Most rodents can't resist the lure of fried coconut slivers slathered in peanut butter.But, as a group of mammalogists learned through trial and error, that bait will not tempt the shrew-rats of Luzon Island.
'We weren't catching any of them,' says Eric Rickart, vertebrate zoology curator at the Natural History Museum of Utah, of an expedition to Luzon, in the Philippines, to find shrew-rats in 1988. “We knew they were there, but we didn’t know how to trap them.'
That is, until, days before the expedition’s end, when Rickart and his colleagues accidentally trapped two Rhynchomys, also known as shrew- or tweezer-beaked hopping rats. The picky eaters turned up their long, thin rodent noses at the soft fruits, nuts, mushrooms, and insects that mammalogists offered them. But when a researcher gave an earthworm to a shrew-rat they’d accidentally captured, Rickart says, 'it just slurped it down, like a noodle.'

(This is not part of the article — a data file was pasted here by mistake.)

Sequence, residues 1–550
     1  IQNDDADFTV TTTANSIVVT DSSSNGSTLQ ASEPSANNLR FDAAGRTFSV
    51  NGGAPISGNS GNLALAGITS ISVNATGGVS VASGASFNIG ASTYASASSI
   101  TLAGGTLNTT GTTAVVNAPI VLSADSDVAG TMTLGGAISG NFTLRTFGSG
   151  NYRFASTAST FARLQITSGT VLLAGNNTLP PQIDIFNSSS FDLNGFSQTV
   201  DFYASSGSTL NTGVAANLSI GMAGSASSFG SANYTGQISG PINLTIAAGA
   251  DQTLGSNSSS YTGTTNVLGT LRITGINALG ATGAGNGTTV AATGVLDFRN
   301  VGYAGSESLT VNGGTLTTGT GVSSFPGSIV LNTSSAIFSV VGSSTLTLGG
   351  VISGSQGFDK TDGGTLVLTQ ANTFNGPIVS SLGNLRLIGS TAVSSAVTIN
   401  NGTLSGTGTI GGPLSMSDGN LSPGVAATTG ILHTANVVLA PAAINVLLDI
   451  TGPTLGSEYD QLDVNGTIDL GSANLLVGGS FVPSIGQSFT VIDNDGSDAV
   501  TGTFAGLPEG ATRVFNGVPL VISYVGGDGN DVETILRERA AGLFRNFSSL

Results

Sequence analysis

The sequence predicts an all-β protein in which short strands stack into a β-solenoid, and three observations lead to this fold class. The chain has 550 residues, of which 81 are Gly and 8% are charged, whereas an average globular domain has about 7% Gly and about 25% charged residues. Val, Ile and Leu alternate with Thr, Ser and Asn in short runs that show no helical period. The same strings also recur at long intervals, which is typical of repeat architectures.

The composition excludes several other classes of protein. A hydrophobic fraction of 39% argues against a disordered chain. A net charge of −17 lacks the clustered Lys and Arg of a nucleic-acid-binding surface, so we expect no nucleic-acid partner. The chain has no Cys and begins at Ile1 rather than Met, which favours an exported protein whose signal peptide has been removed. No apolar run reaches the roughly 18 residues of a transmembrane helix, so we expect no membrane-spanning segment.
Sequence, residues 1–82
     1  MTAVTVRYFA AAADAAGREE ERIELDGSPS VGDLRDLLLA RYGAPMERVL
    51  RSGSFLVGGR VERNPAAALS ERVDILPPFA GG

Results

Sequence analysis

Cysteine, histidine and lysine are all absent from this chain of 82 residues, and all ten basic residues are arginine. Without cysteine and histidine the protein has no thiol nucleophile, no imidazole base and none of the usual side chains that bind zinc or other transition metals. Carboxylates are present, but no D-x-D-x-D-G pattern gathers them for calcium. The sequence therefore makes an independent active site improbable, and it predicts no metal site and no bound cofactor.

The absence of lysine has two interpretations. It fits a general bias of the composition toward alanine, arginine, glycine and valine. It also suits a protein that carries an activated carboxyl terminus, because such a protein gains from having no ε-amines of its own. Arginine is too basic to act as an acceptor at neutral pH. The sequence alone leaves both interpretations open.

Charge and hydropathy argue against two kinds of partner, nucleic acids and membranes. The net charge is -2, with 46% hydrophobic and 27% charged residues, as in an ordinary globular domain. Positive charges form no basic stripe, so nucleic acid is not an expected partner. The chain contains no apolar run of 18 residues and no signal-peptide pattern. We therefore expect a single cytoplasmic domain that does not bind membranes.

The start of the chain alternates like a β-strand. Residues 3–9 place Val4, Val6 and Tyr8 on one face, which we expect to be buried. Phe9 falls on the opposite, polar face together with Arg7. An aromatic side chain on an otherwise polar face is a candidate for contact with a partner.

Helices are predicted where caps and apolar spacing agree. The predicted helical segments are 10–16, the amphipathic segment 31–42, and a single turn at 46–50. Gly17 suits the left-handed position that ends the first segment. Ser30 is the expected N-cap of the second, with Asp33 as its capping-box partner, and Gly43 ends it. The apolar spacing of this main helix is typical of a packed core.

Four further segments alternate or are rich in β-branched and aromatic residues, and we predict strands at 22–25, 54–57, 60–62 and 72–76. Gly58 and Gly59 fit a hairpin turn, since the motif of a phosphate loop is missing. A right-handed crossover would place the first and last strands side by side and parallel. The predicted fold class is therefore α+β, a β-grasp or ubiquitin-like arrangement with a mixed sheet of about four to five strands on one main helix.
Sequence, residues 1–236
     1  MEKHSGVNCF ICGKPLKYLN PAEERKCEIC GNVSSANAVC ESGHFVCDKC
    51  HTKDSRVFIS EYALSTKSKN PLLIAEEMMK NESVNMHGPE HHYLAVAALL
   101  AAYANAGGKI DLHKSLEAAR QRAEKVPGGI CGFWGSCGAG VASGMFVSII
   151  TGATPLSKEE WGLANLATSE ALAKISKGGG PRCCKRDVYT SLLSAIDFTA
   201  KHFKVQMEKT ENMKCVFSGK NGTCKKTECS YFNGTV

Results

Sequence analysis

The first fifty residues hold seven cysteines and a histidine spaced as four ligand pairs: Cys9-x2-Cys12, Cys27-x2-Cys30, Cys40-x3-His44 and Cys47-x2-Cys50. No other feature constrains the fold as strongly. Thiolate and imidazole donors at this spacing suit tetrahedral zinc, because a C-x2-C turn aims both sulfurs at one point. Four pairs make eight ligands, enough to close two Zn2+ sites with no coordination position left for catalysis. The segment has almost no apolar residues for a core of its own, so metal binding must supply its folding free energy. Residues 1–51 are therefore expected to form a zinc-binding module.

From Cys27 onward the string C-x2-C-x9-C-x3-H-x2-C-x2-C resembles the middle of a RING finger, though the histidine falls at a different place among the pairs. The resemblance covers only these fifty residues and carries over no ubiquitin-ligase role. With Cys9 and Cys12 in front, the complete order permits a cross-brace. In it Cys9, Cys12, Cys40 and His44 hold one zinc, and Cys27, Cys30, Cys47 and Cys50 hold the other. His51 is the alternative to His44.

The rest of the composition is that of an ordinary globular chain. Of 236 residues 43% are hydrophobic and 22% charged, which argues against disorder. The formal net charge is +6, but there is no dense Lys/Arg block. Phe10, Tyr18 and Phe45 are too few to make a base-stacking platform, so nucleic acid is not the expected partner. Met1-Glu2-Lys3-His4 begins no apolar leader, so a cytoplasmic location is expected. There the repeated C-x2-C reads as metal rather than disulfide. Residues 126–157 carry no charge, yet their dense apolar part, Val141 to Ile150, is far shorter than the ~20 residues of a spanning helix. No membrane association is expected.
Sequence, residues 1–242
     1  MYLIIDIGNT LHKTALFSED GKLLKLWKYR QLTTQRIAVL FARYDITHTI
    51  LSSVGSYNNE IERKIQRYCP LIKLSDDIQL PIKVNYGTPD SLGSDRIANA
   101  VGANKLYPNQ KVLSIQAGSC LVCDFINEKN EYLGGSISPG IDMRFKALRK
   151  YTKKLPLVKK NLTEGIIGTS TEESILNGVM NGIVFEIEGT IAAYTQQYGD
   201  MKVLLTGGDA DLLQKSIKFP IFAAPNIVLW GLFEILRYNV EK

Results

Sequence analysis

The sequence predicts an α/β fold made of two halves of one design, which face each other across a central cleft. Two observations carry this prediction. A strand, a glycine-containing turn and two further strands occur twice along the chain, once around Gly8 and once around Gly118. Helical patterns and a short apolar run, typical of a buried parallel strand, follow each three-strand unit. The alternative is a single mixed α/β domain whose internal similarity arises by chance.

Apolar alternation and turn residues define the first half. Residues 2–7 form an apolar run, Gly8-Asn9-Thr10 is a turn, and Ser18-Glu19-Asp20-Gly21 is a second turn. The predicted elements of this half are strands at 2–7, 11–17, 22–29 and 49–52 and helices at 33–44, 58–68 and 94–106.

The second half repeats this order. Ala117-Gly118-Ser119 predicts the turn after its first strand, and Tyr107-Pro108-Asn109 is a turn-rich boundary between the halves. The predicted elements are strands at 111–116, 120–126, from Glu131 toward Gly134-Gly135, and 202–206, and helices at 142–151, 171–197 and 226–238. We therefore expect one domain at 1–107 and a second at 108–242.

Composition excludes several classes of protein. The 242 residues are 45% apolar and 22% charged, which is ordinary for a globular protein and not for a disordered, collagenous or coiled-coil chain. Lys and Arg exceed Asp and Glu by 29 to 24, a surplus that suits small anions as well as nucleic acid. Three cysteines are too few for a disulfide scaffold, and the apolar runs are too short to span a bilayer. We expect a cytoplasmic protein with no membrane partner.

That gastronomical breakthrough “has been responsible for the discovery of a lot of new species,” on later expeditions to the Philippines, says Larry Heaney, a curator of mammals at the Field Museum in Chicago. Among them is the discovery of two new species of tweezer-beaked hopping rats, Rhynchomys labo and Rhynchomys mingan, which Rickart and Heaney described for the first time Thursday in the Journal of Mammalogy and named for the mountains they were found on, Mount Labo and Mount Mingan.